Anarres has Landed

Not ‘landed’ as in ‘gentry’, but as in ‘rockets’. Well, as in ‘land’ – because Anarres officially has land! As of Friday 18 March, we picked up keys to the new place. Our saga of perpetual homelessness finally came to a close this year, although in a somewhat anticlimactic way. Now we get to join the league of housed co-ops, wherein we discover that all of our problems are far from solved, but instead replaced with new ones!

So when we carried each other across the threshold, what did we find? Well, the lighting’s a little dark, the rooms smell a bit musty, and we were soon presented with the previous owners’ baffling electrical blunders (our favourite one is tied between the upside-down switches or the plug socket two-thirds buried inside a wall). But the place is airy and spacious (by Bristol standards), the neighbours seem nice, and Poppy the dog seems very much in love with the garden – if her non-stop barking is anything to go by. At least it drowns out most of the noise from the traffic.

Poppy the dog investigating the garden

What else, what else? It’s surprisingly hard to write blog posts here, especially when part-fuelled by cider, and our new housemate is playing Beattles songs on the uke. Don’t be too surprised if the next paragraph starts to read just like a verse of ‘Help’, is all I’m saying.

So I guess this exciting new chapter of Anarres life is pretty exciting, despite the raft of change of address forms and insurance policies to fill out, ringing round the water companies, the internet providers, and the energy suppliers. It’s a strange time of balancing and contrasting companies’ professed ethical practices, their actual practices, and how much their professed ethics will cost us per month (bearing in mind that the co-op seems fantastically loaded with funds right now, but these will soon start to vanish). It’s also a bit of guesswork as to which ‘sustainable’ energy companies will fold over the following months, and how much Russia’s expansionism is going to push up our power bill. We also now get to tap into almost-entirely-abstract maintenance budgets to fix the shortfalls in our living conditions that we can’t tolerate, and put aside those shortfalls that we can for tomorrows.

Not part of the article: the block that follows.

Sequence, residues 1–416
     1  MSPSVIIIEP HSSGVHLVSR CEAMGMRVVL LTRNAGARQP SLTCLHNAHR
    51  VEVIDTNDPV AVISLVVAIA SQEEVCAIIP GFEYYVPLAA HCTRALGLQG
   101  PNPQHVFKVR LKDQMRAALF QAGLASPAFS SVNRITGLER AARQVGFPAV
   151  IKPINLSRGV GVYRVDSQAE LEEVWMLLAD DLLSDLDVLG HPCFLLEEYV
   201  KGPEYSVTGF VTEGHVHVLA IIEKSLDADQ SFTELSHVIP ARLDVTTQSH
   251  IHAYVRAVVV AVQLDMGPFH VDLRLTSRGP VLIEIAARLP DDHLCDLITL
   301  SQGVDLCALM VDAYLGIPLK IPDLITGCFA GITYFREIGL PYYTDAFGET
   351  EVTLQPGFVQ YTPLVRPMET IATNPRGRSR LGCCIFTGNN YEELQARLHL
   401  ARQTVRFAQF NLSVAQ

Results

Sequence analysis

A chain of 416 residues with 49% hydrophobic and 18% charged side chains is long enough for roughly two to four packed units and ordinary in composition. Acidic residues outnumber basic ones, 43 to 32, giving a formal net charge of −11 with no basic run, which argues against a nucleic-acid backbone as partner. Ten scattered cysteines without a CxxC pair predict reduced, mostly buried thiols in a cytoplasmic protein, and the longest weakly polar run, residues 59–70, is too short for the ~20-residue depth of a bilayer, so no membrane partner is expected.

If our co-op included members with alleged past-life squatter selves, they might allegedly urge us to give these people fake names and laughingly (allegedly) ignore the papertrail of red-inked letters as they pile inside the letterboxes of their former homes; but for us, we’re now very much legit (just ask the FCA), so we can never play such games. But we probably also don’t have to sleep with a crowbar or other blunt instrument under our pillows, and half-expect to wake up to bailiffs banging on the door. Probably. We are, after all, upstanding members of the community…

Oh, money – let’s talk money! We’ll soon be begging a loan from Radical Routes, but we also still want loanstock investors. If you have a desire to be one of those investors, we’re looking to source a total of £13,500, ideally made up of a series of loans of no less than £500, to be paid back over a period of 5 to 20 years, at an interest rate between 0 to 3%. If you think you can help, please contact us, at anarreshousing[at]riseup[dot]net.

Future plans include:

  • extra habitat modules to house two new Odonians by the end of the year
  • adding more native wildlife-friendly species to the garden hedge (to also provide privacy and sound-dampening)
  • planting fruit, veg, and non-toxic flowers, so the dog doesn’t spend her days chowing down on daffodils
  • doing something about the probable (asbestos-laced) artex in the ceilings, and probable lead in the pipes
  • installing external and underfloor insulation by the end of the year, and seeing how much we can stretch the grants and loans towards solar panels and air-source heat pumps
  • transitioning our regular meetings away from mundane paperwork and towards more inspiring topics
  • finding a new housemate in time for the new bedrooms to come online
  • having a baby!

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